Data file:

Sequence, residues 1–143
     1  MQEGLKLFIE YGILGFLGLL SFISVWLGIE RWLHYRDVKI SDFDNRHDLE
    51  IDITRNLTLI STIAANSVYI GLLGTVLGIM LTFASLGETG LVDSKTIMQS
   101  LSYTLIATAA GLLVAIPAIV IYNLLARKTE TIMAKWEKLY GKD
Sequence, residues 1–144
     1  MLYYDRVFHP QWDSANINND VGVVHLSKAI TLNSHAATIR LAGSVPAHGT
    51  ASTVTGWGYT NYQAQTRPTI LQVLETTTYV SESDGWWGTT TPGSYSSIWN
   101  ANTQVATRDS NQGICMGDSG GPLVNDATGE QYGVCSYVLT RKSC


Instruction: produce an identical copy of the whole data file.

Sequence, residues 1–143
     1  MQEGLKLFIE YGILGFLGLL SFISVWLGIE RWLHYRDVKI SDFDNRHDLE
    51  IDITRNLTLI STIAANSVYI GLLGTVLGIM LTFASLGETG LVDSKTIMQS
   101  LSYTLIATAA GLLVAIPAIV IYNLLARKTE TIMAKWEKLY GKD
Sequence, residues 1–144
     1  MLYYDRVFHP QWDSANINND VGVVHLSKAI TLNSHAATIR LAGSVPAHGT
    51  ASTVTGWGYT NYQAQTRPTI LQVLETTTYV SESDGWWGTT TPGSYSSIWN
   101  ANTQVATRDS NQGICMGDSG GPLVNDATGE QYGVCSYVLT RKSC